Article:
Associate's Degree in Photojournalism
Although associate's degree programs in photojournalism are uncommon, you might be able to take some photojournalism courses through a general photography associate's degree program. Coursework at this degree level includes instruction in camera usage, lighting, and editing. Read on to learn more about job options for graduates of a 2-year photography program.
Are Associate's Degrees in Photojournalism Available?
Associate's programs in photojournalism are rare; some schools offer associate's degree programs in photographic technology with a specialization in photojournalism. You might find photojournalism courses offered through an associate's program in photography or journalism.
Prerequisites for admission generally include a high school diploma or equivalent. You'll usually need to complete two years of study in order to earn your degree. Due to hands-on requirements, most photojournalism or photography associate's programs are primarily campus-based.
|Degree Programs||Photographic technology, photography, journalism|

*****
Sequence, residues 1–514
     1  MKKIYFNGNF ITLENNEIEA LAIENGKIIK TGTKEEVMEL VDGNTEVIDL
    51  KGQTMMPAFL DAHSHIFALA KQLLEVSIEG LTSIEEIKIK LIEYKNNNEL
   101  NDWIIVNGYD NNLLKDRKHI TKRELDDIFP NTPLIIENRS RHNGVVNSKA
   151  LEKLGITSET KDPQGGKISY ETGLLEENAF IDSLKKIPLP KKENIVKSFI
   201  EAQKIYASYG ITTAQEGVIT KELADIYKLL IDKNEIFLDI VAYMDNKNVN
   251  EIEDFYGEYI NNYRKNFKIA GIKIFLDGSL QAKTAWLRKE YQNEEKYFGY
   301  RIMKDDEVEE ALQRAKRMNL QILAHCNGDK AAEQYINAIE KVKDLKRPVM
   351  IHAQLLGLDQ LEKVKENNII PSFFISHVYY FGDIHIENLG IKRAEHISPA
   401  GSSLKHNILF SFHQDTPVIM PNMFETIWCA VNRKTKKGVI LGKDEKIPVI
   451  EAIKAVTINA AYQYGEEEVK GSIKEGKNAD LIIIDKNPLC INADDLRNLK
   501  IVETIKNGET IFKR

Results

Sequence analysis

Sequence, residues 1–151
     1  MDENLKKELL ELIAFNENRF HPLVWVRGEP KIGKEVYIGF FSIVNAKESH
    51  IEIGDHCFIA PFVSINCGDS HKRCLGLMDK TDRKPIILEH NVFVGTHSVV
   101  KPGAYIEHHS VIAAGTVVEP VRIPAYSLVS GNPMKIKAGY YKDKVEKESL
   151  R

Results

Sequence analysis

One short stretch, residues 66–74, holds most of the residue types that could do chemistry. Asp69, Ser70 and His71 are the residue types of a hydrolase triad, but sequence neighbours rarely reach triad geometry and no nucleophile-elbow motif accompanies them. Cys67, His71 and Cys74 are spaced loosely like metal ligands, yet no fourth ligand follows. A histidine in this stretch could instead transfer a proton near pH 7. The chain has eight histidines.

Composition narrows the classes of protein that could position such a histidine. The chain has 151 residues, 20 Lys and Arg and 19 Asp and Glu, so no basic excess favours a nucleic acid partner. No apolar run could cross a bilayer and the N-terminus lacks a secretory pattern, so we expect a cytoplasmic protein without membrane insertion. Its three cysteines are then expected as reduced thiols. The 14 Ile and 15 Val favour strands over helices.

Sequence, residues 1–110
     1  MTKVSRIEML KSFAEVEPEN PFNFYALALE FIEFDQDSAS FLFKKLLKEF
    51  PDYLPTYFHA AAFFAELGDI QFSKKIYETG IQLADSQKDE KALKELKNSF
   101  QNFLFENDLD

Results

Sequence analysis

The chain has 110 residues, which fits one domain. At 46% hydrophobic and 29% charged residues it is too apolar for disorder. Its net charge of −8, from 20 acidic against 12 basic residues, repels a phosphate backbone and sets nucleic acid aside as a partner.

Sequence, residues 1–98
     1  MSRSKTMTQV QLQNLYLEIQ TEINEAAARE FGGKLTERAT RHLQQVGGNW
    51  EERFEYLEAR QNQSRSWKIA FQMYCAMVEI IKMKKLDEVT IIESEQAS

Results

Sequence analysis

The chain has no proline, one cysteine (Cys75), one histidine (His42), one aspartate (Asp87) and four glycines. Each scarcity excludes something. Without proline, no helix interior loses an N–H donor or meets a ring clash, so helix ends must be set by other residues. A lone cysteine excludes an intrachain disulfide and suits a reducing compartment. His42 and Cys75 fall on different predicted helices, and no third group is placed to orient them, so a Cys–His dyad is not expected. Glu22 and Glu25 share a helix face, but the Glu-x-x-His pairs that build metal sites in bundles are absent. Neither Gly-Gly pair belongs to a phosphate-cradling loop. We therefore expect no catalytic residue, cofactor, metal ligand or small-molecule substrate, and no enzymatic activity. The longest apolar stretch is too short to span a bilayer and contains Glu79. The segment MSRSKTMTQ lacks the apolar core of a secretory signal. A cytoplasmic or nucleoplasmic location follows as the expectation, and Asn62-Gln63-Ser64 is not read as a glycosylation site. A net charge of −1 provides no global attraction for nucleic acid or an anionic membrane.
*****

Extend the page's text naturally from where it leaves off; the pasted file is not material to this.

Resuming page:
|Common Courses||Digital camera usage, lighting equipment, image editing|
|Median Annual Salary (May 2018)*||$34,000 (for Photographers)|
|Job Decline (2016-2026)*||6% (for Photographers)|
Source: *U.S. Bureau of Labor Statistics
What Courses Will I Take?
Most programs teach you how to use digital cameras as well as lighting equipment. You might learn how to develop photos in a darkroom or edit your images using a software application like Adobe Photoshop. Some programs explore the ethical and legal issues of photojournalism.
You'll usually gain experience behind the camera lens through class assignments; you may need to complete an internship in order to graduate. Some programs may expect you to purchase a camera, while others allow students to borrow cameras through the school photography department.
What Are My Career Options?
With an associate's degree in photojournalism, you might find work as a commercial, portrait or news photographer. Commercial photographers take pictures of various objects used in magazines and catalogs; portrait photographers often take pictures of people in professional, educational or religious settings. News photographers take pictures of individuals and events for online and print publications.
According to the U.S. Bureau of Labor Statistics (BLS), job opportunities for photographers were expected to decline at a rate of 6% from 2016-2026 (www.bls.gov). Demand for portrait photographers during this time was expected to remain strong; opportunities for commercial photographers were expected to center on the creation of images for advertisements.